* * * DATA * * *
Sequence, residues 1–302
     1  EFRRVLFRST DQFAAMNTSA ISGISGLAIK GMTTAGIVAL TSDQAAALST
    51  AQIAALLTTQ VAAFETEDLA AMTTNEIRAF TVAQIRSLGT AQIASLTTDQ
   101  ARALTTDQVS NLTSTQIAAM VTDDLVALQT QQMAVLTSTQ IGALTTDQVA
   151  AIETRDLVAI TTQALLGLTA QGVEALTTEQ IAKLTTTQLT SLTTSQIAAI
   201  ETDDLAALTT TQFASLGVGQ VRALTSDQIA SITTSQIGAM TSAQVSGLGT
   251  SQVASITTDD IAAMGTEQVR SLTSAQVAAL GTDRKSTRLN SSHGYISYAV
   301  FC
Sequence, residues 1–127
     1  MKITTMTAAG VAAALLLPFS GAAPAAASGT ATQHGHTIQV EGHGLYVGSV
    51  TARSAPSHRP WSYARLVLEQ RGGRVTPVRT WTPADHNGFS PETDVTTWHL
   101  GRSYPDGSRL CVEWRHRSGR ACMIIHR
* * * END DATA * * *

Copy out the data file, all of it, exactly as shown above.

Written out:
Sequence, residues 1–302
     1  EFRRVLFRST DQFAAMNTSA ISGISGLAIK GMTTAGIVAL TSDQAAALST
    51  AQIAALLTTQ VAAFETEDLA AMTTNEIRAF TVAQIRSLGT AQIASLTTDQ
   101  ARALTTDQVS NLTSTQIAAM VTDDLVALQT QQMAVLTSTQ IGALTTDQVA
   151  AIETRDLVAI TTQALLGLTA QGVEALTTEQ IAKLTTTQLT SLTTSQIAAI
   201  ETDDLAALTT TQFASLGVGQ VRALTSDQIA SITTSQIGAM TSAQVSGLGT
   251  SQVASITTDD IAAMGTEQVR SLTSAQVAAL GTDRKSTRLN SSHGYISYAV
   301  FC
Sequence, residues 1–127
     1  MKITTMTAAG VAAALLLPFS GAAPAAASGT ATQHGHTIQV EGHGLYVGSV
    51  TARSAPSHRP WSYARLVLEQ RGGRVTPVRT WTPADHNGFS PETDVTTWHL
   101  GRSYPDGSRL CVEWRHRSGR ACMIIHR